Ha JIN ... A New Life (Pantheon, 2007)
NATIONAL BOOK AWARD-winner Ha Jin, like Joseph Conrad and Vladimir Nabokov, writes in a language not his own, yet has made English his language, his stepmother tongue, if you will. Ha Jin has written a new novel called A New Life (Pantheon, 2007), his third novel and the first with a story set entirely in his adopted land, which follows hot on the heels of his critically acclaimed novels, Waiting (1999) and War Trash (2004).
This time, the pursuit of the American dream forms the crux of the story. Ha Jin’s protagonists are newcomers to the U.S., people who work hard in menial jobs to become citizens of the land of plenty. The Tiananmen Square massacre of June 1989 was a major turning point for most Chinese nationals in the U.S. As a result of the massacre, many Chinese who had gone to America to study with the intention of returning home decided to stay back and become U.S. citizens.
Through concise, economical and urgent prose, organised into short, succinct chapters, and the use of Chinese immigrant speech rhythms and inflections, A New Life tells the story of how the protagonist, Nan Wu, a struggling poet, and his wife Pingping and their young son Taotao adapt to life in their adopted country. Nan Wu’s quest for a sense of security and belonging takes him from Boston to New York to Atlanta.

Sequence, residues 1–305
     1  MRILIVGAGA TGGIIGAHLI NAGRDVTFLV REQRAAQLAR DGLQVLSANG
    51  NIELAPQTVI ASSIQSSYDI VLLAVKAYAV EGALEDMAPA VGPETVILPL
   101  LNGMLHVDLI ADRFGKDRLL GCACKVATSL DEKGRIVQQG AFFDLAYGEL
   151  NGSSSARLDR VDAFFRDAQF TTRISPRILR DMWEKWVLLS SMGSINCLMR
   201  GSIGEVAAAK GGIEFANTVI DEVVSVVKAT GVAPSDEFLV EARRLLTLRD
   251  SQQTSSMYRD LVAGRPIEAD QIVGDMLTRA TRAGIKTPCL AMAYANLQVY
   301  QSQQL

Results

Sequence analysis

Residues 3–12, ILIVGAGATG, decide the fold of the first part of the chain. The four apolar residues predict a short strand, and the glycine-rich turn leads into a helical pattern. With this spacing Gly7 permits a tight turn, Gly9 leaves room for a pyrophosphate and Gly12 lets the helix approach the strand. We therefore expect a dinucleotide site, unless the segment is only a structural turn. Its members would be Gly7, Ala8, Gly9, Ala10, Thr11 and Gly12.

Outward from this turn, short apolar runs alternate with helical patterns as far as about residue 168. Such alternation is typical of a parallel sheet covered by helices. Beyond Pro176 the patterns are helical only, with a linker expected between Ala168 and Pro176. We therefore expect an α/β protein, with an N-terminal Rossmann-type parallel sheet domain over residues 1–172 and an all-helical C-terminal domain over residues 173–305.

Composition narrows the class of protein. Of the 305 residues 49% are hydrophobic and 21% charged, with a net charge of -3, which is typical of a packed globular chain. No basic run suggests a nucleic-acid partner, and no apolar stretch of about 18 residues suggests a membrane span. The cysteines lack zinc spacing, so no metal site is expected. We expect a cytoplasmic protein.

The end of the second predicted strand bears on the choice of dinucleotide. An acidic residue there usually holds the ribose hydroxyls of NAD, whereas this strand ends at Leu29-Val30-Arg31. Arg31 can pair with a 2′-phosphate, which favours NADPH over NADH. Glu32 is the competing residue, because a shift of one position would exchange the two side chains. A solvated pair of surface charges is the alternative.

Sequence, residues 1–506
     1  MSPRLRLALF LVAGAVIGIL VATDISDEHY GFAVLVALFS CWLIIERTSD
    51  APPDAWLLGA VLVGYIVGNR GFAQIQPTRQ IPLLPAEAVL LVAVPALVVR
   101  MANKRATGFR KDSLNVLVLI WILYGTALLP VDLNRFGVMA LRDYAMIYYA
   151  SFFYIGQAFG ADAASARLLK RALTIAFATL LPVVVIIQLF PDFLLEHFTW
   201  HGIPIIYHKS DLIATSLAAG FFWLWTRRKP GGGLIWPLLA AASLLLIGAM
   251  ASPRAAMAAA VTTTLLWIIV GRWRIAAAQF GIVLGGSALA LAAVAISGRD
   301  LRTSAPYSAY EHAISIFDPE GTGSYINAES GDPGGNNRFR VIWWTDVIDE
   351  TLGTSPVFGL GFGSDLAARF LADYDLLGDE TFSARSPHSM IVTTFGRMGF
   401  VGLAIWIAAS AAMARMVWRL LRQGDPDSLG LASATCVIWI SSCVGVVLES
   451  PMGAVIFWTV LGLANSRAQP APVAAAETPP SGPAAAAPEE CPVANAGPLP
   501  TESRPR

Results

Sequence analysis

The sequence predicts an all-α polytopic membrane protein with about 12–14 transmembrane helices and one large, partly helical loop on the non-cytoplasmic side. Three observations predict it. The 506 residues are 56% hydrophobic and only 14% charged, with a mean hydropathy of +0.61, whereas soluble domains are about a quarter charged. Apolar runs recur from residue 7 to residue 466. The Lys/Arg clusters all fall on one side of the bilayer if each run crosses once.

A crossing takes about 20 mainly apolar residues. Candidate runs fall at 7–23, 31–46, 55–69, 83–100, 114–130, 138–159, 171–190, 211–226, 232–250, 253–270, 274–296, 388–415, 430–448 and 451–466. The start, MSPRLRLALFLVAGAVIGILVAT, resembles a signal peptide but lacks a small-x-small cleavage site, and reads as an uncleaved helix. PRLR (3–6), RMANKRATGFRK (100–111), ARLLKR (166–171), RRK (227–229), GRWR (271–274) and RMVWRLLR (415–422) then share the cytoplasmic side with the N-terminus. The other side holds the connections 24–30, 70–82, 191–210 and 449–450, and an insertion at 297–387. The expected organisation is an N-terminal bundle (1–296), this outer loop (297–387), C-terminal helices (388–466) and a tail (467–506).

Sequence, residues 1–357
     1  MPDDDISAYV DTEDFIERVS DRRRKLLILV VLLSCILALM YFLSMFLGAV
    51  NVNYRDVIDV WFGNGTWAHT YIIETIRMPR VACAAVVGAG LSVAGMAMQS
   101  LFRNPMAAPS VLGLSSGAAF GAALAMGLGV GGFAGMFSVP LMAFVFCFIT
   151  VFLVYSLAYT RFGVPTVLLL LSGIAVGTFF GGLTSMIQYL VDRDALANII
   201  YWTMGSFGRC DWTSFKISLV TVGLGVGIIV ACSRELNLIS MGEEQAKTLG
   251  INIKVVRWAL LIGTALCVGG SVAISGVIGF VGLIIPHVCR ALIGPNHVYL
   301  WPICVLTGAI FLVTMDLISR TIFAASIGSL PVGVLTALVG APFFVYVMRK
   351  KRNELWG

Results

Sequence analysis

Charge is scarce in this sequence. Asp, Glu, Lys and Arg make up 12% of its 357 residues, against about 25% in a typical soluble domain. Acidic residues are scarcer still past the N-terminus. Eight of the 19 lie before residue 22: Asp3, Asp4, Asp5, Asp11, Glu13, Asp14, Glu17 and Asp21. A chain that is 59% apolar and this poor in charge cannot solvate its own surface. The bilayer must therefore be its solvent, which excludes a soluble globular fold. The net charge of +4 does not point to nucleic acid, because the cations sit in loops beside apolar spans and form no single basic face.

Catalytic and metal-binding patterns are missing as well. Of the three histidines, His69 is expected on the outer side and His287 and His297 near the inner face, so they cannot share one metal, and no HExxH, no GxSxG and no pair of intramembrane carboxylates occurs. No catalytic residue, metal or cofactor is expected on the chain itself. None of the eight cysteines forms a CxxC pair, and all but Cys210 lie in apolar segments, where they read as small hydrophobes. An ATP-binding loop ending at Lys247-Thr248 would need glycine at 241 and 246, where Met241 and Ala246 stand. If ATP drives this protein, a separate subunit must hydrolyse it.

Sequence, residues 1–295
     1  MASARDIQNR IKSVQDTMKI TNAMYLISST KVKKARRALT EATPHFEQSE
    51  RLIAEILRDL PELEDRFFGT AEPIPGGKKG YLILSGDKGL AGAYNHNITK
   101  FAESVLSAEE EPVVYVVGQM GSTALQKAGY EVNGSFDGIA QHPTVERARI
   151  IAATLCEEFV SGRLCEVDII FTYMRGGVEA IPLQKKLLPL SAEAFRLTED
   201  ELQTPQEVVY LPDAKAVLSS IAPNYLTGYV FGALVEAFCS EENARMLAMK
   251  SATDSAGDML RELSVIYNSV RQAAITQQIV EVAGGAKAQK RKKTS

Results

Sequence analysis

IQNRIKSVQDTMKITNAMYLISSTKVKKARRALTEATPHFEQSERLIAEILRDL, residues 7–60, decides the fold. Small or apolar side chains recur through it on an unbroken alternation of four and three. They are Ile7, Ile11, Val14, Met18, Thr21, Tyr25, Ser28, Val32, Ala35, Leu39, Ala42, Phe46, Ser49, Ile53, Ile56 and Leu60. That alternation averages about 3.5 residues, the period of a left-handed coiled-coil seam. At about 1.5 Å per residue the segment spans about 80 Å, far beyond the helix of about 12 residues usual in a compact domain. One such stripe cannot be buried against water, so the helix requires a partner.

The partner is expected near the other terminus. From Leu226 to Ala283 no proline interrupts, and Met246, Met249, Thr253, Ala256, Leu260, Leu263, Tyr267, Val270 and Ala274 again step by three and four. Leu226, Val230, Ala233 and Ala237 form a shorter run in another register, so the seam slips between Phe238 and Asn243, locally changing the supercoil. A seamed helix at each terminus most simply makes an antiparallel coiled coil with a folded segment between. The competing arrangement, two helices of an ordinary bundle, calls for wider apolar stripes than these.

There is much delicacy and precision in the way Ha Jin narrates the story. It is a skill to write with such effortless grace and elegance. It is such a simple story, yet it engages you and keeps you turning the pages to find out more about the couple and their life in America. It is not merely a story about the Chinese immigrant experience in America; it is not just about the assimilation or Americanisation of immigrants into American life; it is also about starting life anew amidst uncertainties, managing freedom and the desire to write in a new language, to find one’s voice as a poet. A free life does not come with no strings attached; it comes, of course, with a price that is sometimes just too high.
A New Life is definitely one of my favourite books of 2007.
Photograph © Miriam Berkley
Photograph used with the kind permission of the photographer